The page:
New Bucs offensive coordinator Jeff Tedford was formally introduced to the media at One Buc Place on Wednesday and talked about his offensive philosophy, the Buccaneers current personnel and the excitement he has about getting things started this season. Below is the full transcript of his press conference.
(Opening statement)“It’s great to be here in Tampa. Really looking forward to it, really excited to be here with Lovie and the rest of the staff. Been here probably four days now, so I don’t know how much I’m going to be able to enlighten you guys, but [I’ve] just been in the process of evaluating our team and so on and so forth. [I’m] really excited to be here, anxious to get started, can’t wait until the players are actually able to come in so we can spend some quality time with them, get to know them and obviously get on the field with them is one of the biggest things so we can get to know them on and off the football field. With that, any questions I can answer?” (On why he came to the NFL now)“It’s something that I’ve always had my eye on. I’ve been head coach at Cal for the last 11 years and this last season took a season off. I think that was really helpful, to recharge the batteries. We had a lot going on at Cal, building a brand new $450 million dollar facility, so this last year was refreshing. As far as the college things go this year, there wasn’t a whole lot going on, it was kind of a slow year in college. When [Head Coach] Lovie [Smith] called and we had the opportunity to speak, it was something I was really excited about. I have a lot of players in the NFL, so I’m pretty close with all our players throughout the NFL and very interested in it. I watch a lot of NFL when I can to be able to watch those guys play, but I think it’s a great challenge. It’s very exciting. It’s great to be here with the Bucs. We have a lot of challenges; we need to improve a lot. I’m excited for the challenge. Like I said, I’ve been a head coach for the last 11 years, but before that was a coordinator at Oregon and Fresno State. I spent some time in pro football, in the CFL, played pro football in Canada for six years and then I coached up there for three or four years. It just really excited about the opportunity to be in the NFL, to be with a great organization and a great head coach like Lovie. It felt like the right fit and I’m really excited about it.” (On calling plays at an NFL level after coming from college)“I don’t have any apprehension about it. The different rule changes are obviously going to be something as far as clock management. Clock management is huge. As I’m watching a lot of the games in the NFL, a lot of it comes down to the last four minutes, two minutes. [There are] a lot of tight games, so clock management is a little bit different. Besides that, football is football. They’ve got 11 guys on both sides and a lot of the same coverages and so on and so forth. There are minor rule differences that obviously you have to make sure that you’re on top of. I’ve got a rule book on my desk I’ve been reading through to make sure I’ve got those covered. The play-calling – I’ve called plays my whole life. Probably for the last three years, as we started building that facility, I didn’t feel like I could give the right amount of attention to it to get it done and we had some very capable people who understood the offense and felt good. I was in every game-planning meeting that we had, put the game plans in and I would still call a few plays throughout the game – if we got to a certain situation, ‘Hey run this, run that’ type of thing, but not every play. I’ve called plays my whole life, so I don’t really have any apprehension about that whatsoever.” (On if he wants players to fit his offensive system or if he tailors his system to the players he has)“I think a little bit of both, actually. The players are the ones playing; our job is to put the guys in a position to be successful. To try to put a square peg in a round hole is not the wisest thing to do, so we want to make sure that whether we have the players on our team now – which is what we’re in the process of evaluating – they can do some of the things we want to get done, or drafting them, or free agents, or acquiring them however we get them. The philosophy is we want to make sure we can run the football; we want to be physical up front and run the football. We want to be diverse. We want to get speed in space, multiple personnel, formations. We will change tempos from time to time. The big thing is to make sure that we give the players the answers to the test and put them in a position to be successful. Preparation is key, ball protection – turnovers are probably the most telling statistic in football and so absolutely making sure we’re protecting the football. That we play together as a team [is key], because certain games come into it where, depending on the game situation – it’s a situational game. You have to win the situations and you have to try and put yourself in a position to win those situations –staying out of third-and-long. Third-and-3 is a much higher percentage that third-and-long. How we’re playing as a team, the situation of the game, I think all dictates your approach on how you go about calling a game at that time.” (On quarterback Mike Glennon)“I’ve seen a lot with Mike on tape over the last couple of days. It’s really hard to know, because you don’t know what he was asked to do. Until you look and say ‘What was he asked to do?’ you really don’t know if he was doing the right thing or the wrong thing. My first impression is he did a lot of good things. He’s a rookie. He took over the fourth game, so I think his growth and development – I saw some progression through the year with him. I think he’s got a lot of poise in the pocket, I don’t think he gets frustrated in the pocket. He’s pretty smart with the football, when things aren’t there he’s throwing it away, he’s making good decisions. Good decisions come in many forms, whether you’re trying to complete a pass, throw the football away, manage the clock, whatever it may be. I see a lot of real positive things with Mike. I’m really looking forward to getting to know him better, to be able to sit down and actually talk to him about things. Physically, I think he brings some real positives, but I also think there’s some things that he can improve on, I think he realizes that. I think there are some quarterback fundamentals that we can help him with. Then physically, himself, I think he understands what his limitations are that we can improve on, in the weight room, with strength and conditioning and fast twitch and doing some things there that may help him a little bit. I think when he’s out of the pocket he does a good job of keeping his eyes downfield, he can throw well on the run. He can change the launch point, which I think is critical, so you’re not just a sitting duck in one spot all the time. I think he does a lot of those things. I got a chance to meet him, he came in to say hello. I was impressed with his demeanor, being able to speak to him. He seems like a very bright guy. My understanding is he’s very well-respected in the locker room. I think as a leader he will grow, too. I think when you’re a rookie, you’re a backup, then you move into that role, it’s kind of hard to just grab the reins and do that, but my understanding is that he’s very well-respected in the locker room and I think that will even continue to get better and his leadership capabilities will improve with his comfort level. I think after one year, the more you’re doing it, the more you feel like it’s your team and the more comfortable you can be and the more leadership you can provide.” (On his success with running backs at California and what he thinks of Tampa Bay’s running backs)“It’s hard to tell. I think there’s talent there and I think there’s potential. It’s hard to look at the continuity last year because of all of the injuries. Doug [Martin] being hurt, Mike [James] being hurt, I think [Bobby] Rainey probably played the whole time, but we had some injuries last year on the offensive side of the ball. I’ve been very fortunate to be around a lot of great backs. Michael Pittman played here, Maurice Morris [I coached] at Oregon. Then through Cal we were very fortunate to always have really two backs, whether it was J.J. Arrington and Marshawn Lynch and then Marshawn and Justin Forsett were together and then Marshawn and Jahvid Best and then Jahvid Best and Shane Vereen. We really always had a good one-two punch in the backfield and I think that’s what you need. I think for one guy to carry the load the whole time – especially as physical as this level is – I think to have two and probably three backs that are quality backs that can provide different things for you as far as third down backs are concerned, catching the ball out of the backfield, pass protection, all of the things to be able to create some matchups, I think, are really key. Which are the things that say a Shane Vereen brought to the table and I think he’s exhibiting that in New England. He’s big with what he’s doing there. Marshawn can do that, but he’s kind of turned into the power guy more than that, but he had the ability to do that. I think it’s important to find guys who are versatile, that can do those type of things. Then great speed – when I say speed in space, to get outflanked and get guys in the open field that can make guys miss and be explosive with big plays.” (On meeting with Lovie Smith during the 2013 season to watch football and looking for another college job)“We had a very productive meeting. I had not known Lovie, really. I think I met him in passing years ago, when Dilfer was here and I came to watch Trent practice one day in camp. We had a very productive meeting for two days, watching ball, very informative. I probably asked him as much about defense and trying to get in his head about defense as the offense. It was great. We hit it off – I thought the chemistry was really good. To have the opportunity to do it – the college thing, at that point, my wife and I made the decision that this is an opportunity for us to do this and no matter what head coaching thing comes up now, this is an exciting transition for us and I’m really excited about the challenge and the opportunity to be here.” (On guard Carl Nicks’ health and status for the upcoming season)“There’s just been a few guys that have been through the building that we bump in to and say hello, but really I have not talked to him. We haven’t had a meeting with the trainer to give us an update on what’s going on or anything like that. It’s been a little early. We’ve been having a lot to do to try and get our offensive staff put together, kind of do some evaluation, start looking at free agency, there’s been a lot going on. Some of the players who have been through the building we have had the opportunity to speak with and just introduce. We don’t get all that involved, but I have not had a chance to visit with him.” (On the offensive coaching staff assembled to this point)“We have everything in place right now. Tim Spencer is our running back coach; Andrew [Hayes-]Stoker is our wide receiver coach; Marcus Arroyo is our quarterback coach. We’re in the process of finalizing the tight end coach and we’re in the process of solidifying an offensive line coach.” (On teaching mechanics to quarterbacks at the NFL level)“That’s a good question, because I wondered how coachable they’re going to be, too, but in talking to all the guys – I’ve been fortunate, I’ve had six first-round draft picks and probably three others that are still playing in the NFL – talking to those guys, they’re still hungry to learn. So fundamentally, they want to learn, they want to get better, they want to be consistent, they want to be efficient, and that’s the goal. So whether it be with your drop and your footwork, getting away from the center, your ball handling, your efficiency in your release or your separation in the throwing motion, all those type of things that each one of those guys, all six of those guys that went in the first round all had something we needed to work on. And so I can see a few of those things with Mike [Glennon] that I think we’re going to be able to show him and I think it’s going to help him with a couple things. But I think they’re all hungry to be coached, I really do. I think they all want to be better, I think they want to be the best players they can be, and our job as coaches is to help them do that and that’s what I’m looking forward [to]. I’m really looking forward to getting on the field with Mike and going over some drills and some fundamentals mechanically that may help him, whether it’s just getting the ball out a hundredth of a second faster that you’ve got a guy bearing down on you and to get rid of the ball you’re going to take a hit but you’re going to throw a post for a touchdown. So things like that. I think they’re all hungry, even [Green Bay quarterback] Aaron Rodgers and I talk about those type of things, about fundamentals and stuff like that, so I think they’re all hungry to improve.” (On if he still talks to Rodgers)“Yeah. He lives in Chico [California] and I have a lake house about 45 minutes north of there, and not this Fourth of July, the previous Fourth of July, he was at our house. We were hanging out, talking ball, just having a good time. I’m sure we’ll always continue our relationship, but it’s fun to talk ball with him.” (On if his head coaching duties at Cal might have pulled him away from what he loved to do)“There were a lot of other obligations, whether it be fundraising or designing a building, designing lockers for the new locker room or figuring out where the doors were going to be, there was a lot that went into that. That was a process, not to mention the people that were living in the trees. I don’t know if you heard about that. At one point, we had people living in the trees protesting the trees coming down – they were right outside my office. They were my friends for about a year and three months, so woke up to them every day banging their drums or whatever. But that took a lot of time, and yes, I can tell you when I would go into the offensive room it felt like a breath of fresh air, and so that’s why I’m so fired up to be in a room here and all I’m thinking about is what to do on third-and-three, how to get this guy blocked, how to match up with that guy, so on and so forth. Because that’s what I’ve done my whole life, but the obligation and responsibilities of the head coach, with all the things that were going on, didn’t allow me to do that as much as I like to do that. That’s why this whole thing is a huge breath of fresh air. I’m so excited about the challenge. It’s going to be challenging, but I can’t wait to do it. I’m already fired up about every day, thinking about ball 18 hours a day. So it’s great.” (On if the volume of game plans changes from coaching in college to the NFL)“No, because we had a huge volume of plays in college, and probably too many. Probably too many in college because I’d just keep adding plays and I’d even look at and say, ‘Man, when did this thing get so huge?’ and they’d say, ‘When you stop scripting the plays is when things got huge, because you’d just keep coming and putting them in and now it’s our job to make sure we’re repping them against this defense, that defense,’ so on and so forth. We will have a volume of plays obviously, but we’re not going to go into a game with that. There’s percentages that you need to stand by so that we’re practicing the right things and we’re efficient in the things we’re doing and we’re not so watered down where we do none of it well. And so we’ll have a system, there are tools – we tell the coaches there are tools in the toolbox. One week we may use that tool to take care of this blitz or that blitz, and next week we may not be getting that blitz, whatever it may be. So no, 20 games, I coached in the CFL where we had the same amount of games, game plan wise we played teams two times, three times, maybe even four times if you played them in the preseason, twice in the regular season and once in the playoffs or the Grey Cup. Now, that’s a longer season, admittedly it’s a longer season, but it’s all good. We’ll have plenty of offense to get done. It’s not about the amount of offense, it’s about how productive we are with the things that we are doing and making sure that we don’t overdo it to where we can’t do it efficiently.” (On if he has to adjust his offense when game planning alongside a defensive-minded coach in Lovie Smith)“You have to work well together as far as the team’s concerned, and the ultimate goal is to score one more point than the other team, but I like scoring many more points than the other team, so that’s the objective. But, you have to be smart about it, too. If we’re in a situation and we need to use clock, then we need to use clock. We can’t be foolish about it, it’s a team game and the objective is winning, whatever that may be, whatever it calls for, it’s winning. So if they’re scoring a lot of points, we better score a lot of points. We like to score a lot of points every week, but reality says that there are going to be huge challenges, there’s going to be probably some 13-10 games and there’s probably going to be some 35-33 games, there’s going to be those type of things. Lovie probably wouldn’t want me saying 33, probably wouldn’t like that many points scored, but no, it’s whatever it takes. Coming in here, there are no reins saying, ‘Just don’t mess it up.’ That’s not the intent of coming in here. The intent of coming in here is to do what we can do offensively to be successful every play, every series, every quarter, every half, every game.” (On if there can be offensive success at any level without an elite or franchise quarterback)“I think it’s a quarterback league, I don’t think there’s any doubt about it. Not just in the NFL, but everywhere, in college, the more efficient your quarterback is, the more productive your quarterback is, but, that being said, it’s not just the quarterback, it’s the cast of people around him as well. You could have a great quarterback and if you don’t have the cast around him, it’s very difficult. But to have that guy that does his part to make plays and have a cast of people around him that we can utilize our talents, be it from the backfield, the tight end, the wide receivers, whatever it may be, I think it’s critical to have a cast of people who are making plays to help the quarterback be successful, the quarterback help them be successful by being cerebral of putting them in the right play. Getting them in and out of the right plays and those type [of things], that’s a big job of the quarterback as well: make sure that all of the other guys, all of the other 10 guys of the offense are in a position to be successful.” (On if in order to be successful, you need a quarterback that drives the offense)“I think it’s leaning that way, yeah. I think it’s definitely leaning that way, but I think you still have to be able to run the football. When you get inside the red zone, inside the 10 and the five-yard line, you can throw it all the way down there, but unless you can bang it in, not everything can be a pass. So even though football in general is going to that, spread it out, spread the field, speed in space, throw the ball, even though they’re throwing it to the bubbles and all of those things out there, those are extended run plays in essence. But I think an identity of a team of being able to run the ball downhill with different run schemes – inside, outside, perimeter, traps – all the different things that we want to do on offense, I still think you have got to be able to have an identity of running the football. Whatever the ratio may be, and it may change from week to week on, like I said, the game situation, but I don’t think there’s any doubt that you have to be effective throwing the football to be successful.”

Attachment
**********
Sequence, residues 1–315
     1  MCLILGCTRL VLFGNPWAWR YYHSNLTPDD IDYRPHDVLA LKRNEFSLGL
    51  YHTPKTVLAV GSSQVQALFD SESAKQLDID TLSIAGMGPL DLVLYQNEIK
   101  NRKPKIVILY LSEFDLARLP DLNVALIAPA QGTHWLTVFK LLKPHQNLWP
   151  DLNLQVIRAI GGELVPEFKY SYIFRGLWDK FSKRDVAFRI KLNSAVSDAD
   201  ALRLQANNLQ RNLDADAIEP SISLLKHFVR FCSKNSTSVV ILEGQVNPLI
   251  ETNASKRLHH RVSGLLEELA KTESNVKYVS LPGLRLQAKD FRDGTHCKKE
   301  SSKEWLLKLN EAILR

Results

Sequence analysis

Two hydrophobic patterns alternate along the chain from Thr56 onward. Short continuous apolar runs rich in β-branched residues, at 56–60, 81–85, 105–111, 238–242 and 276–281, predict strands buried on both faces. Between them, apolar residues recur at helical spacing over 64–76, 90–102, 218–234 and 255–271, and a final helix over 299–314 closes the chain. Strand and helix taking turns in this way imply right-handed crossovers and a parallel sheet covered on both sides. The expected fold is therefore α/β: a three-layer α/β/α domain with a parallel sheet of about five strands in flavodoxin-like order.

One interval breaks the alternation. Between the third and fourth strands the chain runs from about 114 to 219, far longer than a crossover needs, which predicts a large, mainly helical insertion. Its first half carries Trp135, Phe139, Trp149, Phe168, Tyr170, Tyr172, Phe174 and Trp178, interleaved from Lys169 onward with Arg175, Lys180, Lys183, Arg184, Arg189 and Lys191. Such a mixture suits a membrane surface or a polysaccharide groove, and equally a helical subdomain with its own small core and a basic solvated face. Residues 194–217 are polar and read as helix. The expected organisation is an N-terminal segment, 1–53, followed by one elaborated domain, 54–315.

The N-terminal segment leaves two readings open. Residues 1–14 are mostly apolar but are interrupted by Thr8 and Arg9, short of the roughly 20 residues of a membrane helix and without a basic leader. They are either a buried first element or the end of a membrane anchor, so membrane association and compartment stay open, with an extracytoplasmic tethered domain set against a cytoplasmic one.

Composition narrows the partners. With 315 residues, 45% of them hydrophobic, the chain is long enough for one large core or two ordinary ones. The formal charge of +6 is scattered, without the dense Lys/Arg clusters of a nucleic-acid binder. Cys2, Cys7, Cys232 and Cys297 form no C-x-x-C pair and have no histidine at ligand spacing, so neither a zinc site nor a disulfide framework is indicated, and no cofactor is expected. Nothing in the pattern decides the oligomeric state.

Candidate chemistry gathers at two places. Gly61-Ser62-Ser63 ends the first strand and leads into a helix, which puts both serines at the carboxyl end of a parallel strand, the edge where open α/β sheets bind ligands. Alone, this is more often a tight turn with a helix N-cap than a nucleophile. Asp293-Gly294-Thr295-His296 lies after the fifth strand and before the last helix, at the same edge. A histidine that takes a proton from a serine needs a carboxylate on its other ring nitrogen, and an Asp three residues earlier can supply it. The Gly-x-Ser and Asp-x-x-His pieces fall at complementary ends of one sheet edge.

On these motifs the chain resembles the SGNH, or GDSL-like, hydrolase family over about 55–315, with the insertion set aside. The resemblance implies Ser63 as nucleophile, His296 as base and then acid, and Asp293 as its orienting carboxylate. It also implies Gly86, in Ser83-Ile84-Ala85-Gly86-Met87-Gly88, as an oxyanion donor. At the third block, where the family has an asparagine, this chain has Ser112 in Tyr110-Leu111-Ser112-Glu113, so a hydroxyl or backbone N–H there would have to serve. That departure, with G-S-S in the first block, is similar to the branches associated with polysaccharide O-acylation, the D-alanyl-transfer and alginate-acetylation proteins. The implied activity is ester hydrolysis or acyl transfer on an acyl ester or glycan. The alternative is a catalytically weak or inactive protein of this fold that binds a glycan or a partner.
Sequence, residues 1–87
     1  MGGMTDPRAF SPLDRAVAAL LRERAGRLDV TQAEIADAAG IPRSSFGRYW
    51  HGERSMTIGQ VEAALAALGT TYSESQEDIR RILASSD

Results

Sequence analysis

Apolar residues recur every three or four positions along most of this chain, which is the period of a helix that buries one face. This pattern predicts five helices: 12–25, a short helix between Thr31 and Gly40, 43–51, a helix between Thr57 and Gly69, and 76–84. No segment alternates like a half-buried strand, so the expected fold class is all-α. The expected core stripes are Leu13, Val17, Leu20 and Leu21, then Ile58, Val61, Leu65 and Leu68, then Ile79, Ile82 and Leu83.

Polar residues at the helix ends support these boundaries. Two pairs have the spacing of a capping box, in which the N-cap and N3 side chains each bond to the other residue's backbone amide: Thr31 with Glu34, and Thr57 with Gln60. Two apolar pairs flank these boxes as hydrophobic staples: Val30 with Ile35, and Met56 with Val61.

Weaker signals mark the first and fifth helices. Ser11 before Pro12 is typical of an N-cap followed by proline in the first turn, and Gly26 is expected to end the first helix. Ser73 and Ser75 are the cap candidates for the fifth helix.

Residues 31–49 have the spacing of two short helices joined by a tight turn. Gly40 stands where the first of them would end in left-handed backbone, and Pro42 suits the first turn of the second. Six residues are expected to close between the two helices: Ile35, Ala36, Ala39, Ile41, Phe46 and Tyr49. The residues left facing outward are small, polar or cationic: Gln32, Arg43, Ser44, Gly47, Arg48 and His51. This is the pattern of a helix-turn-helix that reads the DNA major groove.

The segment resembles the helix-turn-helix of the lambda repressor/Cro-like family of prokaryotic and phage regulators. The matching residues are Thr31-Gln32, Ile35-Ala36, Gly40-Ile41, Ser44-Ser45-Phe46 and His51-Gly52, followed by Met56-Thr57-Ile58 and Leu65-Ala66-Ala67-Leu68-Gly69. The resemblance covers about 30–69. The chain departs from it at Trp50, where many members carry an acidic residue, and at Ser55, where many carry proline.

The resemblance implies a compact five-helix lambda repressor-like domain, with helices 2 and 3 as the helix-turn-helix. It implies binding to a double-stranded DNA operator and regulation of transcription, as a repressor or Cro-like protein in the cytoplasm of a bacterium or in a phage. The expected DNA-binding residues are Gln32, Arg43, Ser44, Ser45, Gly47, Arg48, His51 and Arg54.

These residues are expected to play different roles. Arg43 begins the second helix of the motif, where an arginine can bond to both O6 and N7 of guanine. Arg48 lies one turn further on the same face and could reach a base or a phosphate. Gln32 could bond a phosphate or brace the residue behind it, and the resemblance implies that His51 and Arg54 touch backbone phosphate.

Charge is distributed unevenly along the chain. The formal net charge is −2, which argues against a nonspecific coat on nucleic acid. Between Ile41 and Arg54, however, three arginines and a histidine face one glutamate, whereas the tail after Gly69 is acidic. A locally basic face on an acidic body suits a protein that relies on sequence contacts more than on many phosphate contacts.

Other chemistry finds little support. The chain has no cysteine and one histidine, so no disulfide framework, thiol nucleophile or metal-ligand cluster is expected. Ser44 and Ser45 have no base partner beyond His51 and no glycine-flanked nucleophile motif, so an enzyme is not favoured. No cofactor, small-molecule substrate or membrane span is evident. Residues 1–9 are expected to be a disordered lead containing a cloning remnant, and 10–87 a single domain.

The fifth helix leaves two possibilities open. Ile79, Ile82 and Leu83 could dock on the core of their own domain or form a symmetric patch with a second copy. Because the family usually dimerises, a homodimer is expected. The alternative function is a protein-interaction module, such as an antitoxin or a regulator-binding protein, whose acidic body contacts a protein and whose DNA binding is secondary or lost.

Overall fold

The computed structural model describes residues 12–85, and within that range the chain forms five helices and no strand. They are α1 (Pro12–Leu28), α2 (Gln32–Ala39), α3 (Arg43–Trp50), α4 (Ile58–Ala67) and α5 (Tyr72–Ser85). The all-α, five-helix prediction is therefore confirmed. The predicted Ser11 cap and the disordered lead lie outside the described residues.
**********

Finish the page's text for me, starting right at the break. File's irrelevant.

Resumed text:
Mark Cook currently is the director of editorial content and Bucs beat writer and has written for PewterReport.com since 2011. Cook has followed the Buccaneers since 1977 when he first began watching football with his Dad and is fond of the 1979 Bucs team that came within 10 points of going to a Super Bowl. His favorite Bucs game is still the 1979 divisional playoff win 24-17 over the Eagles. In his spare time Cook enjoys playing guitar, fishing, surfing and family time at the beach. In addition, Cook can be found in front of a television or in Doak Campbell any time the FSU Seminoles are playing. Cook is a native of Pinecrest in Eastern Hillsborough County and has written for numerous publications including the Tampa Tribune, In the Field and Ya'll Magazine. Cook can be reached at [email protected]